“Once we were having very constructive, productive discussions with the new misdemeanor judges about a final settlement, we realized it was time now to move on to the next piece of the problem,” said Neal Manne, an attorney representing the plaintiffs in both lawsuits.

The felony case, a class action, was filed on behalf of three men who had been charged with nonviolent felony offenses, including driving under the influence and drug possession. The men were assigned bail amounts between $15,000 and $30,000. None of them could pay, and two of them remain detained since being brought into custody in mid-January. (The other made bail after about two weeks in jail.) Like the misdemeanor case, lawyers for the plaintiffs are arguing that such a bail system discriminates against poor inmates who are otherwise low risk.

But if the misdemeanor case was a big deal, the case currently in front of the court will be a game changer. As of March 2016, misdemeanor defendants comprise only about 8 percent of the county jail’s pretrial population—felony defendants, meanwhile, account for the rest. In fact, 77 percent of the entire county jail population, or approximately 6,000 people, at any given time are felony defendants awaiting trial, most of them for nonviolent offenses. And like people charged with misdemeanors, most of the defendants in jail for felony charges are stuck there because they can’t afford a bond. Although there are no national figures available on how many people are in jail because they can’t pay, data from the Prison Policy Initiative says that every day, 465,000 people are held in jail pretrial, and the organization estimates that hundreds of thousands of these people are there because they can’t afford bail.

If the district court sides with Karakatsanis and his clients, Harris County would be one of the largest in the country to severely limit the use of cash bail. The parties will be negotiating a settlement over the next several weeks, and Manne said he’s optimistic those talks will result in a similar outcome as the misdemeanor suit.

Just a year ago, such a case’s chance at success would have been slim in Texas. The misdemeanor case faced intense opposition from Republican misdemeanor judges, who said that letting so many people out before trial was a public safety risk. According to the Houston Chronicle, the county spent about $9 million on lawyers to defend itself against the lawsuit. The two misdemeanor judges who supported reform—the lone Democrat and a Republican—had for years tried in vain to enact change but couldn’t drum up the support needed from their Republican colleagues.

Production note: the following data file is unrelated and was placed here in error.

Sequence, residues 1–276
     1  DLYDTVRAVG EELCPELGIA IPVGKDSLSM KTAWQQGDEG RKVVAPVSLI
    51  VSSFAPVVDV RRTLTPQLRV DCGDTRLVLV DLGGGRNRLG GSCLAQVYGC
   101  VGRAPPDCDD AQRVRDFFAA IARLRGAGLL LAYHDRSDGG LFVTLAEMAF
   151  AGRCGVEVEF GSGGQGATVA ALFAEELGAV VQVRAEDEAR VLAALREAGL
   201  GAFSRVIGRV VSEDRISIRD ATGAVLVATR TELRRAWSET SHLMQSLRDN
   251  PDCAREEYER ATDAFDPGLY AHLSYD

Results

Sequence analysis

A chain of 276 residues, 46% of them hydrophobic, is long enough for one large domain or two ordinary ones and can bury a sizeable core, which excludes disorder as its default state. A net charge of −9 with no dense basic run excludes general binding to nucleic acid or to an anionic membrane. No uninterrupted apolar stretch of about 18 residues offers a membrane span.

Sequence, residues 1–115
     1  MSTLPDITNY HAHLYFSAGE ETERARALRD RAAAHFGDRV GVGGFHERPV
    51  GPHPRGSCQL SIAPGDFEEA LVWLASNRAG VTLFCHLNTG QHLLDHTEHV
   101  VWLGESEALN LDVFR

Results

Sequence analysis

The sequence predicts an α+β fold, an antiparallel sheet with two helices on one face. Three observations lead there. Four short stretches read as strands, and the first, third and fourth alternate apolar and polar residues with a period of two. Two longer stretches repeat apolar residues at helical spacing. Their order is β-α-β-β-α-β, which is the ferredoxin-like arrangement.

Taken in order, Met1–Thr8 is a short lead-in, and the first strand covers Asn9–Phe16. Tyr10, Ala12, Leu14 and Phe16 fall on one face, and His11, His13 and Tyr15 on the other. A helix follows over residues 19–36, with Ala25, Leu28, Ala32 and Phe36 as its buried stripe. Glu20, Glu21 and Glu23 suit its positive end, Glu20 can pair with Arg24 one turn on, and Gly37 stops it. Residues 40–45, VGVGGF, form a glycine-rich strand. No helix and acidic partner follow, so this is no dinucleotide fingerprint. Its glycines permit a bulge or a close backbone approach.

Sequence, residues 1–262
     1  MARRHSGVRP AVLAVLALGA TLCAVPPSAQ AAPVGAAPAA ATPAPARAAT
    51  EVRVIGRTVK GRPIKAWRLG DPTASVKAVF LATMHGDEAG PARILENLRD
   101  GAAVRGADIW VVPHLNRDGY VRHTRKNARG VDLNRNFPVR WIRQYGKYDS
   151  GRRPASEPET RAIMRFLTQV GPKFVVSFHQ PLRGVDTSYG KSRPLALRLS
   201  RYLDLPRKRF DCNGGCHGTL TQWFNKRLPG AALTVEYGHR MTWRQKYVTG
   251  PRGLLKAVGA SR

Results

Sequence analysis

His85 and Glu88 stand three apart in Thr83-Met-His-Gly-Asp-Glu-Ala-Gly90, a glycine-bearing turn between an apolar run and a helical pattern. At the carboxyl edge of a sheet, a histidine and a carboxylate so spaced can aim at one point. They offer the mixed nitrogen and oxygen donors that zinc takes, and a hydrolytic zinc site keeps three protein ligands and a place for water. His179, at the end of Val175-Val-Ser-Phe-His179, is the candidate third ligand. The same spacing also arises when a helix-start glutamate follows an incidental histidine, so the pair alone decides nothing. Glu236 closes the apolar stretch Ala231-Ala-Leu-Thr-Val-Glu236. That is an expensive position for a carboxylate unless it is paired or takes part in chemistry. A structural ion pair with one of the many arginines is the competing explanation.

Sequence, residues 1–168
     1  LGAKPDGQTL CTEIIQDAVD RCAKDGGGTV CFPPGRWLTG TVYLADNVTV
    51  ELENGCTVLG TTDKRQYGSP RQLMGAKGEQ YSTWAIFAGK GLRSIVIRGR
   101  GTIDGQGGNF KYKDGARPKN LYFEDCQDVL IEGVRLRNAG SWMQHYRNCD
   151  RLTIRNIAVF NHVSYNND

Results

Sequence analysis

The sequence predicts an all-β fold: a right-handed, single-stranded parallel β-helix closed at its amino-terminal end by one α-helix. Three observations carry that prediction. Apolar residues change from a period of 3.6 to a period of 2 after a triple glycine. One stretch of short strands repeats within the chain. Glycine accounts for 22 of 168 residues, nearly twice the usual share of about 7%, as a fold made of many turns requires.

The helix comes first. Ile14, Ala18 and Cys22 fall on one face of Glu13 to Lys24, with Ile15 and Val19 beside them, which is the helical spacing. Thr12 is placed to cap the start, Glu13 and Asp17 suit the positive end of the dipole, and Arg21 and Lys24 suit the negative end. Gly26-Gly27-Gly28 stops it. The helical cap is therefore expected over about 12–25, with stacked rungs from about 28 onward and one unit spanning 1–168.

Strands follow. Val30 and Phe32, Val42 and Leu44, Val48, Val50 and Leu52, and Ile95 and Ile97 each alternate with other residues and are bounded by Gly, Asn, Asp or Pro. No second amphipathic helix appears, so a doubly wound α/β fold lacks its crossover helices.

Then came the midterms, when every one of the county’s 15 Republican misdemeanor judges was replaced by Democrats, many of whom explicitly supported the bail reforms during their campaigns. At least one new judge, Franklin Bynum, who now presides over a misdemeanor criminal court, specifically decided to throw his hat in the ring because of the lawsuit. “I decided to run in part because I saw what was happening and wanted to take the helm of the lawsuit and settle it and end this system for good,” said Bynum. “I hope people do realize that there’s great power in these judicial positions and go out and run for them and do good with them.” 

Beyond the direct impact the cases have on pretrial defendants, the fact that reform-focused judges aggressively campaigned on the issue—and won—means we might see more judges in the future using their power in the courtroom to disrupt the bail system. “I hope that can be a lasting legacy of this—that judicial elections won’t just be a contest for who can be harsher on impoverished people and people of color,” Karakatsanis said. 

And Karakatsanis is confident these cases will have effects far outside Harris County. “I think it’s inevitable now that the money bail system will crumble,” Karakatsanis says. “I’m not approaching it as winning a case—I’m approaching it as using this case to have a broader cultural conversation about the brutality and senselessness of the current mass incarceration apparatus. I think we’re going to be successful in explaining to people that the system has no justification.”